graduate students

Peri Lee Pipkin

Master's Student


I grew up in the mountains of rural Northern Taiwan, surrounded with and fascinated by plants, but I first began formally studying botany here in California. I hold dual bachelor's degrees - A BFA in ceramics (I'm a second generation potter), and a BS in natural resources: applied ecology & botany from Oregon State University. I owe a lot of my successes to my community colleges, where I studied both horticulture and desert ecology. These experiences bolstered my long-standing interest in botanical conservation through the lenses of socio-environmental justice and resource-use conflicts. I'm excited to see where this next step of my botanical journey takes me.

I've worked as a seasonal field botanist and biologist in SW Alaska, NW Wyoming, Joshua Tree, Palm Springs, Death Valley, Grand Parashant, the Sierra Nevadas, and the Selkirk Mountains in Northern Idaho for several agencies and universities. I love fieldwork, especially in the deserts and in the alpine. I've also worked in horticultural settings, both for arborists, on ecological restoration teams, and for botanic gardens. I'm grateful to have my studies informed by multiple teachers in both science, the traditions of plant medicine, and various social/environmental justice movements.

My current research interests include floristics, rare plant conservation, and biogeography. I'm also fascinated by lichens and parasitic plants, and I really enjoy watching pollinators at work. I'm driven by an interest in contributing research towards understanding, mitigating, and managing the impacts that climate change and resource extraction will have on botanical biodiversity, and engaging the public with these issues. I'm excited to be studying here within the intersections of science, conservation, and critical ecological analysis in Tovaangar (the Los Angeles basin, So. Channel Islands), on the traditional lands of the Tongva people.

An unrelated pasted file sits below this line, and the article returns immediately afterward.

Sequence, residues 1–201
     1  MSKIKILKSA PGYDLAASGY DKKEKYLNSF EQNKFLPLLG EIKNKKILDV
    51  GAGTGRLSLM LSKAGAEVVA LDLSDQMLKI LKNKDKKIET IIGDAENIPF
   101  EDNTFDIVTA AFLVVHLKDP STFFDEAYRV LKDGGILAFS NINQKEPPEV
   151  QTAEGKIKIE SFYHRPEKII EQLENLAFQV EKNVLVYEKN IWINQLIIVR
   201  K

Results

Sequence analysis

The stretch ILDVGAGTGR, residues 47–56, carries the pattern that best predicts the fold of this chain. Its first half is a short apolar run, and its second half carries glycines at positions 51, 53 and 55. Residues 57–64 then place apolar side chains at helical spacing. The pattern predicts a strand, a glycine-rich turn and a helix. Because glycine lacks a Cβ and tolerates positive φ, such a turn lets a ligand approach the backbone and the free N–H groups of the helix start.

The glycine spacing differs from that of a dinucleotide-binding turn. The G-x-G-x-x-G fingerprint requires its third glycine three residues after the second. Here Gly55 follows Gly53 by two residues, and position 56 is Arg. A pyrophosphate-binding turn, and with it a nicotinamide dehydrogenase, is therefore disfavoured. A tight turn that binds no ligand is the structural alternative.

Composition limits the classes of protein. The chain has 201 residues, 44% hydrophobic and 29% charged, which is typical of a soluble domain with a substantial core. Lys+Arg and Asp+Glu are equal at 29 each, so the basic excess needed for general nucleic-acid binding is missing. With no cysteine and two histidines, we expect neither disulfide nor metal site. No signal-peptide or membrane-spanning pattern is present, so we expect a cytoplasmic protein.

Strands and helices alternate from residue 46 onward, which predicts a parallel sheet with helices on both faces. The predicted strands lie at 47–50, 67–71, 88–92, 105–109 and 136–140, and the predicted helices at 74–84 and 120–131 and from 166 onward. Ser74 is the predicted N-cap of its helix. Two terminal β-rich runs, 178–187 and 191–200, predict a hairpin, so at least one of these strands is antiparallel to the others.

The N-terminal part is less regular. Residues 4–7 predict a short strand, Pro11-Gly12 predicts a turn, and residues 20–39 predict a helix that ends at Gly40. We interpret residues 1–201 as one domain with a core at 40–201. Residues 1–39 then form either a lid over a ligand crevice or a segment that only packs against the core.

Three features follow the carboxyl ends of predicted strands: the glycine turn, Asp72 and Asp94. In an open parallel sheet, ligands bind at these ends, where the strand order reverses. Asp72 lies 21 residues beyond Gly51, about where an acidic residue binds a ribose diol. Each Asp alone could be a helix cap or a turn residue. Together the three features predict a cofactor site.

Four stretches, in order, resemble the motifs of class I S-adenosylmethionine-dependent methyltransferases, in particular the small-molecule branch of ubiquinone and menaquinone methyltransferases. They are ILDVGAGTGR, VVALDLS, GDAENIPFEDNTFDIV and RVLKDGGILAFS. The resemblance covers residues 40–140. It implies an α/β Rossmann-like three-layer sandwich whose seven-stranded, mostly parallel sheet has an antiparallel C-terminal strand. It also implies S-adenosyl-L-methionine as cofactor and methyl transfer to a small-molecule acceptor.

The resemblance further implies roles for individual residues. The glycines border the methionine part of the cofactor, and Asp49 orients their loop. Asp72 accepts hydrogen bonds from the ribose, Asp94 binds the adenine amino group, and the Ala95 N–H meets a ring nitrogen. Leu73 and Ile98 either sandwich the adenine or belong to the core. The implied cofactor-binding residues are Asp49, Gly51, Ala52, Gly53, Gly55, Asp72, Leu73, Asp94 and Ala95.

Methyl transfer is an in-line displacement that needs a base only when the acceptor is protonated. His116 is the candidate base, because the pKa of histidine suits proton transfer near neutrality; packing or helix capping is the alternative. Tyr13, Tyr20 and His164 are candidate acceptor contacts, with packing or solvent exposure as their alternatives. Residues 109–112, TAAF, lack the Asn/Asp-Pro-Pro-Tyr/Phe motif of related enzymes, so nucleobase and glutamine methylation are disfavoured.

For my master's thesis, I will be conducting a floristic inventory of the Silver Peak range, which is just over the California border in Esmeralda County, Nevada. This area ranges in elevation from 4,200 to 9,370 feet and includes a diverse array of vegetation types representing both the Great Basin and Mojave deserts, including pinyon juniper woodlands, Joshua tree woodlands, alkali wetlands, and bristlecone pine forests. It's also home to rare and endemic species, including imperiled species such Tiehm's buckwheat, and shares species with the neighboring White Mountains. This area has seen virtually no floristic work in the past, yet is facing a precarious future with the looming pressures of lithium mining interests. Lithium is a critical mineral in the fabrication of electric vehicle batteries, and as we transition from fossil fuels, demand for this material will grow rapidly in the near future. It's critical we document and understand the botanical components of unique ecosystems such as the Silver Peak range in order to craft effective conservation plans to protect biodiversity for the future.

Additional Information

Twitter: @desertbotany


Click here for email